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Is the series $$\sum_{n=1}^\infty n^2e^{{-(\log n)}^{1+\delta}}$$ convergent for some $\delta > 0$?

I tried to do it by comparison test but it was not doable. I tried to take help from Infinite series $\sum _{n=2}^{\infty } \frac{1}{n \log (n)}$. I was unable to proceed further. What I have got is that $$\lim_{n\to \infty}n^2e^{{-(\log n)}^{1+\delta}} = 0$$ for any $\delta >0$.

Thanks in advance for your suggestions.

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  • $\begingroup$ $e^{2\log n-(\log n)^{1+\delta}} \le e^{-(\log n)^{1+\frac{\delta}{2}}} \le e^{-2\log n} = n^{-2}$ for large $n$ $\endgroup$ – mathworker21 Nov 15 '18 at 6:13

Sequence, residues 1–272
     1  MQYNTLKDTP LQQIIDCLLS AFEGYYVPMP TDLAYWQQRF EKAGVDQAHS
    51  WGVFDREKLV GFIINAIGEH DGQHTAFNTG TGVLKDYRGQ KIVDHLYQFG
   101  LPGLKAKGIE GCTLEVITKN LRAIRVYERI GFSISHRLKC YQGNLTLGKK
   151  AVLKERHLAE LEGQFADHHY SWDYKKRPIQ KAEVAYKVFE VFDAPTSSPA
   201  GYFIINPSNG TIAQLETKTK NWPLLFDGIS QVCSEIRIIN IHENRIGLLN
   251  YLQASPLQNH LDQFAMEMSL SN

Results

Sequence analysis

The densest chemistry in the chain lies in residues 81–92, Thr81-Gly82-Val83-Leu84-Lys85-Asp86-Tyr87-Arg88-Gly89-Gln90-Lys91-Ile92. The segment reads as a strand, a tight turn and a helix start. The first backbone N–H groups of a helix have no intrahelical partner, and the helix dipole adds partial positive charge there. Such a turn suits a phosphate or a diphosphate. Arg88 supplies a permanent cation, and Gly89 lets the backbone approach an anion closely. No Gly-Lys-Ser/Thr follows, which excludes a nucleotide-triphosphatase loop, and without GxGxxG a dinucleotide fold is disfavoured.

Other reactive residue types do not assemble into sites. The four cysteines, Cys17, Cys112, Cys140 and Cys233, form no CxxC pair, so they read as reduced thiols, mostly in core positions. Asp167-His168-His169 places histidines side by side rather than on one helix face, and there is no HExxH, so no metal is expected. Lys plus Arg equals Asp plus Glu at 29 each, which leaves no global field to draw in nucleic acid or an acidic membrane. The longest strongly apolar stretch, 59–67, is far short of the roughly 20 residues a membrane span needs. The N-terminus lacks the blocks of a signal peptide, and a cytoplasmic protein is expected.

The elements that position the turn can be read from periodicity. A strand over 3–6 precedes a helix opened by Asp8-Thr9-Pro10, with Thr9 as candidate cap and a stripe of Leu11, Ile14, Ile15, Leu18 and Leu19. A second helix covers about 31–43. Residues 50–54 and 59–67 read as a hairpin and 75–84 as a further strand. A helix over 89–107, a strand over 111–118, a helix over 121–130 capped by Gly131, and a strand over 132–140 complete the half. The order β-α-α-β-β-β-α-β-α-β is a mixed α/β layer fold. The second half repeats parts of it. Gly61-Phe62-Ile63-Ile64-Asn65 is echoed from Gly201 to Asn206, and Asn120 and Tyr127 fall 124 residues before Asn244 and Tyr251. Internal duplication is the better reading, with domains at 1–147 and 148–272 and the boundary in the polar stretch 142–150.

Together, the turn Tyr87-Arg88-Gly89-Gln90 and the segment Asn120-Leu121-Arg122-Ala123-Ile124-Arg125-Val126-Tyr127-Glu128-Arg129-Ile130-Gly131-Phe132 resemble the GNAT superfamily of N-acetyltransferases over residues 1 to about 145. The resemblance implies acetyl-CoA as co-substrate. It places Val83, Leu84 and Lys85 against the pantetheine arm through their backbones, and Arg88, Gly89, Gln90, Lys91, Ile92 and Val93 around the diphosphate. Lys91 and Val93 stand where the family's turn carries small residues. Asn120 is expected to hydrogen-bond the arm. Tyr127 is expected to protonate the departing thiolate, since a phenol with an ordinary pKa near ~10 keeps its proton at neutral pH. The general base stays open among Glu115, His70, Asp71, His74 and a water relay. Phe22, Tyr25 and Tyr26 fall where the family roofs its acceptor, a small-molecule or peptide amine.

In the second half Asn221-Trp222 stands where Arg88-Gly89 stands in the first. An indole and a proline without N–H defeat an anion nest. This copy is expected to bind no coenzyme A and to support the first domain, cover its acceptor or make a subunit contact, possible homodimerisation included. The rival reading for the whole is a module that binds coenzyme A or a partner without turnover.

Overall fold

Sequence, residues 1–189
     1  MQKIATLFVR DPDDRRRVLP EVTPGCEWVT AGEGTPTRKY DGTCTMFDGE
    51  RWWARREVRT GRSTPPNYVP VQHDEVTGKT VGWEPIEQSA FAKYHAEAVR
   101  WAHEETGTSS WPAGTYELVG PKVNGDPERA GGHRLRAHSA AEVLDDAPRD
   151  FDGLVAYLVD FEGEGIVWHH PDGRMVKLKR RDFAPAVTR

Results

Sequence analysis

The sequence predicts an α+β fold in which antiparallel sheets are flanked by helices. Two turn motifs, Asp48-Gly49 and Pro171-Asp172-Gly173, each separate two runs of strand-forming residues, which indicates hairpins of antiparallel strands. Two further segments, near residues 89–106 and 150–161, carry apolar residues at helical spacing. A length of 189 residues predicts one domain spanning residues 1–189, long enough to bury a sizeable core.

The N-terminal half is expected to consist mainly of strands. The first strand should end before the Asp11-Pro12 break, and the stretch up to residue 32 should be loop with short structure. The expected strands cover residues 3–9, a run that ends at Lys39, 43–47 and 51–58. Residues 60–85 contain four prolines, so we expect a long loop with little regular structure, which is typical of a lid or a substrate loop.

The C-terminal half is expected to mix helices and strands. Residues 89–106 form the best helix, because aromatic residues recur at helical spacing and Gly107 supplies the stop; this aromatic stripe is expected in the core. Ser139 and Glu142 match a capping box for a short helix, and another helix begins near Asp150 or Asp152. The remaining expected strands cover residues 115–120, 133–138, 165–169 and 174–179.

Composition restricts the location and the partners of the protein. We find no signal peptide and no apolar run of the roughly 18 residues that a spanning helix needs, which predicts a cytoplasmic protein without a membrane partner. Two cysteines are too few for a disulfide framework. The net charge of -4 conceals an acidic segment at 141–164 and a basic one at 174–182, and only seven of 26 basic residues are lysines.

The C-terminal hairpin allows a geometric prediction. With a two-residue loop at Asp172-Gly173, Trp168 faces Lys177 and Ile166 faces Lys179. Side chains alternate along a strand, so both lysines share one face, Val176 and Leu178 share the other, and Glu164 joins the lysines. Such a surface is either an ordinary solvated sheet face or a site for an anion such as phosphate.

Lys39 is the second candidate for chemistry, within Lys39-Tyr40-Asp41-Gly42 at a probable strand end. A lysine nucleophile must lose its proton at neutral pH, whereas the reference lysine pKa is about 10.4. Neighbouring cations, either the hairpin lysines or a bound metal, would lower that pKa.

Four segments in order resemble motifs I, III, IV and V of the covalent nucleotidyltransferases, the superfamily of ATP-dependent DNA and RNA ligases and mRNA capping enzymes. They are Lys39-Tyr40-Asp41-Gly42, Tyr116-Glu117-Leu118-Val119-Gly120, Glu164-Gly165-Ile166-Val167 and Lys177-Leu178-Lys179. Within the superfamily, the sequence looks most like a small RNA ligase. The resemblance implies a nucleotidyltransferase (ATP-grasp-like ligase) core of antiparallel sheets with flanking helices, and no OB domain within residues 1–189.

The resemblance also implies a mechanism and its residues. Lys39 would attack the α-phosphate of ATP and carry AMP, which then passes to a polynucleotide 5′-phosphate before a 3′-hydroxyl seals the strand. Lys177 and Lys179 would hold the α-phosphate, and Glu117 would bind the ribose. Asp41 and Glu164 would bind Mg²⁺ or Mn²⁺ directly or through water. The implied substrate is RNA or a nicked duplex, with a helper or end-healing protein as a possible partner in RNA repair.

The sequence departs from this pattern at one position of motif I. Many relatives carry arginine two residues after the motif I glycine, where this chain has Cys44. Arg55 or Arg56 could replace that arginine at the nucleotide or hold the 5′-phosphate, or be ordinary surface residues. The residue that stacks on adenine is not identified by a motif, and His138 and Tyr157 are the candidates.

• $\begingroup$ Wow. Thank you @mathworker21. $\endgroup$ – TRUSKI Nov 15 '18 at 6:24
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Yes, it does converge for some $\delta>0$. Here is an example. I assume that by $\log$ you mean natural logarithm.
Note that $e^{-\log(n)^{1+\delta}}=e^{-(\log \,n)(\log\,n)^\delta}=n^{-(\log \,n)^\delta}$. Then your series is $\sum_{n=1}^\infty n^{2-(\log \,n)^\delta}$. Take $\delta=1$. Since $(\log\,20)-2<1$ and $(\log\,21)-2>1$ we have $$ \sum_{n=1}^\infty n^{2-\log \,n} = \sum_{n=1}^\infty {1\over n^{(\log \,n)-2}} = \sum_{n=1}^{21} {1\over n^{(\log \,n)-2}} + \sum_{n=22}^\infty {1\over n^{(\log \,n)-2}} $$ $$ \le \sum_{n=1}^{21} {1\over n^{(\log \,n)-2}} + \sum_{n=22}^\infty {1\over n^{(\log \,22)-2}} < \infty. $$ The last series converges because $\sum_{n\ge 1} n^{-\alpha}$ converges if $\alpha>1$.

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